Motherhood (And Personhood) In Flux
I can remember—back when my first baby was still very much a baby—sitting around with other new moms and discussing how much we missed uninterrupted sleep. And I remember going to work, during the same time period, and trying to convince my (mostly male) coworkers that everything was fine, great, having a baby hadn’t even broken my stride, I’ll have that report to you by the end of the day, and yes, okay, that is a little bit of spit-up on my shoulder. I remember “preschool playdates” where we all let our kids run around in an energetic, knuckle-dimpled horde, and we moms sat there drinking coffee and nursing babies and throwing juice pouches in their direction every so often. “It’s just constant,” we would murmur to one another. “Someone always needs something.”
And then I remember realizing that my kids could clean and dress themselves, ask for what they needed instead of screaming, and even prepare food, if necessary; furthermore, both of them were gone for the bulk of the day at school, and I could breathe. It was time to rediscover what mattered to me, and also to figure out a way to make a decent living. Realizing that my lifelong writing hobby could become a career—and then making it happen—felt unreal. There were still never enough hours in the day and I was never as patient as wished to be, but somehow everything worked, between the kids, the house, my work, and everything else.
Having two kids with special needs and then years of bonus mental health struggles meant that as they grew older and my friends were all relishing their kids’ burgeoning independence, I was often feeling like we were going backward. My kids needed me more when everyone else’s seemed to need them less, and I would love to say I handled this with grace and unwavering acceptance, but I didn’t. It felt unfair. Everything suffered, from the state of my house to my marriage to my work to—worst of all—the kids. There were years where every decision felt wrong and I was sure I was ruining both of their lives, despite my best intentions.
This past spring I was laid off from a demanding job I loved, around the same time various Kid Issues seemed to be reaching critical mass. Rather than reacting (read: freaking out) I found a rare moment of Zen: It was time for a break. I would stop, and breathe, and instead of loading my plate to where it toppled, I would just… handle what was already on it, without adding anything for a while. My husband and I discussed it and decided that I would, essentially, take the summer off, in terms of finding new work. (I still have some freelancing going on, just not as much as I used to.) We’re fortunate to be in a position where this wouldn’t be detrimental, financially, and working just a fraction of my previous hours for a few months would be okay. I felt guilty—I always feel guilty—but I also felt an enormous sense of relief.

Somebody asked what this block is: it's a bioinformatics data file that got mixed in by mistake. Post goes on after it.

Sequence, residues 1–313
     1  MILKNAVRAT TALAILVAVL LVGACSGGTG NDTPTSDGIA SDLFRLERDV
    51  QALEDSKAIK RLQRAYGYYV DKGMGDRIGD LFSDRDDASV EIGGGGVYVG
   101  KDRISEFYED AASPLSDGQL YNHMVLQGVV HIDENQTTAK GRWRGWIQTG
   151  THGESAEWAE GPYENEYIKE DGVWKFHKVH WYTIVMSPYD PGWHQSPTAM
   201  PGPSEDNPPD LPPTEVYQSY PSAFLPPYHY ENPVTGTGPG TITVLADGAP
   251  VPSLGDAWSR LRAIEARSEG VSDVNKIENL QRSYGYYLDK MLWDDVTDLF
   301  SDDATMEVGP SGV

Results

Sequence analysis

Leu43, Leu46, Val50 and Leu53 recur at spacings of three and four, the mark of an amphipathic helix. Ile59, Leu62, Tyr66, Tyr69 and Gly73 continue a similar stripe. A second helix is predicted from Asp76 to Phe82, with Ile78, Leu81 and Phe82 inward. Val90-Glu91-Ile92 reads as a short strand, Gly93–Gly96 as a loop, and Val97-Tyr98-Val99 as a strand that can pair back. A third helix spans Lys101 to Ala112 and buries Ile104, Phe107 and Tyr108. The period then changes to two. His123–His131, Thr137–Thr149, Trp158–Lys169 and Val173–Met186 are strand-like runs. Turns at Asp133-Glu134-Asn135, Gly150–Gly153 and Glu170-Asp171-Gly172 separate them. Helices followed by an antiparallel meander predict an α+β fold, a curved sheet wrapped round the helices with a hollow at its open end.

Over the summer we picked berries, swam, read lots of books, hung out, watched too much TV, and strategized for the coming year. By the time school resumed, last week, I found myself doing a double-take any time I caught sight of either kid. Both of them seemed to grow and mature at a fantastic rate over the last few months. They’re not just adult-sized, they’re both in a really good place in terms of their own comfort with themselves and what they want. My daughter, the senior, has her first choice college picked out and her application completed. Working this summer gave her a taste of the independence she’s always craved, and she is more organized, more responsible, and (best of all) just plain happier. This weekend she worked ahead in several classes “just to stay on top of things,” and if you heard a distant angel chorus, that’s probably why. My son, the junior, whose first-year marching band experience last year was… challenging, let’s say… breezed through band camp this year and reassured newbies that they’ll get the hang of it. He has friends in every single class, which is a huge shift from last year, when halfway through the year he couldn’t tell me the names of anyone around him. And when he encountered a small issue in one class, he handled it himself. No biggie. (Except for us, it’s a huge biggie.)
Do they still bicker over nothing and complain when I ask them to unload the dishwasher? Yep. They’re still teenagers, after all. But it’s all… blessedly normal.
Now it’s time for me to figure out what’s next. It’s unsettling. What do I want at this point? I’m not sure. I look around to my friends, again, and I see so many of us prepping for that promised empty nest with (intentional or not) plenty of career and life changes afoot. One friend just left her job of 20-something years to take a new position, and is still trying to find her footing. Another just went back to college after twenty years at home with her kids. One more is dusting off her resume and wondering if she should keep job-searching or get an advanced degree, first. Yet another didn’t intend to make a change, but was reassigned in her current job and must adapt to new demands, right at the same time she’s just sent her oldest off to college. It feels like we’re all in flux, not just because our kids are growing up, but because we’re changing, too; and as we gather and talk about our new paths, there is this pervasive undertone of wonder—how did we get here? How did our kids get so big, how did our jobs change, how did we get so old, how do we know when we get it right?? We don’t have a lot of answers, but at least it’s nice to know we’re not alone.